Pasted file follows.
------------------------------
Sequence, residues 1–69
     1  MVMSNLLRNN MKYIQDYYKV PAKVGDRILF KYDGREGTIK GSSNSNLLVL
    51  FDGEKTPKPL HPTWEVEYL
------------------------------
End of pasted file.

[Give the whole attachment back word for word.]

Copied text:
Sequence, residues 1–69
     1  MVMSNLLRNN MKYIQDYYKV PAKVGDRILF KYDGREGTIK GSSNSNLLVL
    51  FDGEKTPKPL HPTWEVEYL